The two gizmos shown are for an angle divider and a magnetically operated switch.
The patent for the angle divider was applied for on October 26, 1939 and issued on July 16, 1940. The divider was an instrument used for dividing angles of various degrees into any number of predetermined parts. The problem was that most angle dividers were complicated and made it difficult for an average person to use, but this contraption was simple to use and inexpensive in construction.
The other thing is a magnetically operated switch. A patent for the device was filed on September 2, 1942 and issued on November 5, 1946. According to the patent this device relates to a switch and refers more particularly to a magnetically operated selective switch used for energizing or otherwise influencing any one of several circuits. An object of the invention was the provision of an effectively operating circuit controller or switch of simple, compact and sturdy construction, which was inexpensive to manufacture and which could be conveniently utilized for the purpose of closing any one of a comparatively large number of circuits. Another object was the utilization of a permanent magnet for the purpose of actuating selectively any one of several levers used for establishing an electrical connection between a number of terminals. Who knows what it was used for or if it was ever actually used in anything? The inventor of both was Adele S. Raettig of Hoboken, New Jersey.
Getting a patent does not always mean the inventor is going to make money because you can get a U.S. patent even if your invention is worthless and has no commercial value. Also, getting a patent does not stop someone from infringing on your idea. It is up to the patent holder to take the infringer to court if, after you warn him, he persists in infringing.
A fellow named Robert W. Kearns invented the intermittent windshield wiper which he claimed was stolen by automakers, spent twenty years in court and finally was awarded millions, but legal fees got most of it and Kearns was still nearly broke; the lawsuits had consumed him, his wife left him and he was once committed to a psychiatric hospital.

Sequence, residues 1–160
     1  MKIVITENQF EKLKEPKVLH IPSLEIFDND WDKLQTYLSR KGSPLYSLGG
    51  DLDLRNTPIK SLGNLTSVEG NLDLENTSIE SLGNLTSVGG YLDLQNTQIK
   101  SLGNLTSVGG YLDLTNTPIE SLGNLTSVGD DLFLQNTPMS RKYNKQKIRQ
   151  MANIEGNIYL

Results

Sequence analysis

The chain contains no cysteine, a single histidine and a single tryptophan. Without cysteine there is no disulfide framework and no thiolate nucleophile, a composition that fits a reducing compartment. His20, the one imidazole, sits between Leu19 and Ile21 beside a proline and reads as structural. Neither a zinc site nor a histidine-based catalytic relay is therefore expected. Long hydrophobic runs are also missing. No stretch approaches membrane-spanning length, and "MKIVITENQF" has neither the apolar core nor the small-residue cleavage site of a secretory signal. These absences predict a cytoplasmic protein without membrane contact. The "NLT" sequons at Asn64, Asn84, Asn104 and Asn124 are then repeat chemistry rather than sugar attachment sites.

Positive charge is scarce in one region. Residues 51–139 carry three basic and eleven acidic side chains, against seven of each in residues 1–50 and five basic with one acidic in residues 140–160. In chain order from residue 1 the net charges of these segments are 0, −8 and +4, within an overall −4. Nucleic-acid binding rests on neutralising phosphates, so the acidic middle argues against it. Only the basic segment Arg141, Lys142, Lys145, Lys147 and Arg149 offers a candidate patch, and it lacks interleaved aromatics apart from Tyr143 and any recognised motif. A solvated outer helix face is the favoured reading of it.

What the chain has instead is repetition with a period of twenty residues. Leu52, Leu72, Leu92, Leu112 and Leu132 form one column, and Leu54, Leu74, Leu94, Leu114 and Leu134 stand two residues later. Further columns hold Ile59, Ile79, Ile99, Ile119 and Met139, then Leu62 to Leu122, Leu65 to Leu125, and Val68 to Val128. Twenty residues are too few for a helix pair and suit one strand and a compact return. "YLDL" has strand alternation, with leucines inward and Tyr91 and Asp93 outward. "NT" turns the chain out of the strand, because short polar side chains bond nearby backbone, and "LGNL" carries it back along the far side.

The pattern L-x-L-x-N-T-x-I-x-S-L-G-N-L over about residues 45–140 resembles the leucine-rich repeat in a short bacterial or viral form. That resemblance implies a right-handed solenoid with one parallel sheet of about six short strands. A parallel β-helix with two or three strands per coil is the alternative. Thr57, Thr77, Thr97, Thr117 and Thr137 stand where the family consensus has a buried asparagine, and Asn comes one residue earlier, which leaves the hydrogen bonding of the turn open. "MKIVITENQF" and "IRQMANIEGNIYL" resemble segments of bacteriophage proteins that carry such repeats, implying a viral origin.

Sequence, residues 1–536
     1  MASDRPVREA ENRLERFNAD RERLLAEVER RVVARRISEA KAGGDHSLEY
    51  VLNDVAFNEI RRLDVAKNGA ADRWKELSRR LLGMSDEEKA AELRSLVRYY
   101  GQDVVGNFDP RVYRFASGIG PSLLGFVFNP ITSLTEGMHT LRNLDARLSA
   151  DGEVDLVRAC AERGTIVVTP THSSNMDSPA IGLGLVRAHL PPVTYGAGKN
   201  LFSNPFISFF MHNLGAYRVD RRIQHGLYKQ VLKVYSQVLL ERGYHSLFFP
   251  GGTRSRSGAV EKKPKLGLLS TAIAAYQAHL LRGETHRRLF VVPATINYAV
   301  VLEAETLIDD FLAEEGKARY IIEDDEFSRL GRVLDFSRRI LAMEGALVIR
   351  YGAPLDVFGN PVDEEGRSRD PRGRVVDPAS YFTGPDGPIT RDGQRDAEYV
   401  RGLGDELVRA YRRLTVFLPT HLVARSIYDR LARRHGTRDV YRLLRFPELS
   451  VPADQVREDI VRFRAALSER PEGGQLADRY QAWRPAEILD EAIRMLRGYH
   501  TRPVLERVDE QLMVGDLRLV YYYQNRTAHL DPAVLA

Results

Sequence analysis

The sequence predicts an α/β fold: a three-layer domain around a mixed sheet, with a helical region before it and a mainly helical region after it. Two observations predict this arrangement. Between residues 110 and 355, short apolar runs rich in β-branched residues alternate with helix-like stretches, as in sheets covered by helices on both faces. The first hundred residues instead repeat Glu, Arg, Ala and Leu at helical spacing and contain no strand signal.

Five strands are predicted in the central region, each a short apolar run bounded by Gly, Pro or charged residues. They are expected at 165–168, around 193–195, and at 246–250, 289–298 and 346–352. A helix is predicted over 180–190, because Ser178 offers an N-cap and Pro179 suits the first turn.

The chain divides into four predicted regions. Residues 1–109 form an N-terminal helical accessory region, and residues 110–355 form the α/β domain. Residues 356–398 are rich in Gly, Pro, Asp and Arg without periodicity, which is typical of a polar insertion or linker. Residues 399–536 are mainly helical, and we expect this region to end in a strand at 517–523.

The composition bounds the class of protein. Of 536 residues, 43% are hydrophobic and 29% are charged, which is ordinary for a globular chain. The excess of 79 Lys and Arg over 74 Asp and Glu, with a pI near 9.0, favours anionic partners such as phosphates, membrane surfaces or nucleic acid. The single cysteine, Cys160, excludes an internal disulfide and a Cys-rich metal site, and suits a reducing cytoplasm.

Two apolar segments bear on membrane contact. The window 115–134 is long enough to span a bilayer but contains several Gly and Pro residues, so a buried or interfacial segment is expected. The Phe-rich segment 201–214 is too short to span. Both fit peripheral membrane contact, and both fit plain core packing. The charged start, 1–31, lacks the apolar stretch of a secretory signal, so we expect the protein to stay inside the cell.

When Frank Marshall finally stepped aside as U.S. Champion in 1936 organizers of the first modern championship tournament had planned for a substantial number of entries to be split into preliminary round robins that would select eight qualifiers for the 16-player finals. The eight qualifiers would meet eight seeded players (Reshevsky, Fine, Dake, Kashdan, Kupchik, Steiner, Horowitz and Kevitz). The problem was there were so few advance entries for the preliminaries that the organizers had to drop the registration fee from $10 to $5. In today's currency that's about $175 to $88. In 1936 you could buy a car for $580 and gasoline was $0.19 a gallon. Bread cost $0.08 a loaf and a gallon of milk cost $0.47. With the average annual salary being $1,500 that $10 entry fee was pretty hefty.
Eventually 48 players, including Adele Raettig, the only woman, entered. All games, preliminaries and finals, were held in New York. Eleven of the finalists were from New York and most of the high-placing non-qualifiers were also from the New York City area. The few strong out-of-towners included Californian Herman Steiner, Illinois state champion Samuel Factor, Harold Morton from Boston and New England champion Weaver Adams.
Adele Raettig (September, 1889 – August, 1972) graduated from what was then the State Normal School at Montclair, New Jersey. Today the school is Montclair State University. She was a school teacher in Hoboken and later attended Columbia University. Although she never fared especially well in Women's Championships, she was nevertheless a strong player who successfully competed against men and occasionally defeated recognized masters.
The following game was played in 1943 in a match in which the Intercollegiate Chess League took on non-student opponents. In this match five college clubs were matched against teams from seven different commercial teams and the commercial teams were leading by 6.5-5.5. The match's most exciting game was on board 2 between Sol Rubinow of the CCNY team and Nelson J. Hogenauer of the Hanover National Bank team and President of the Commercial League. Their game was adjudicated as a draw by Frank Marshall. But, the deciding game was between Miss Raettig, who served as manager for the champion Chase National Bank team, on board 10 where she defeated R. McGrath of Rutgers. The game shows just how bad some of us amateurs are at playing endings!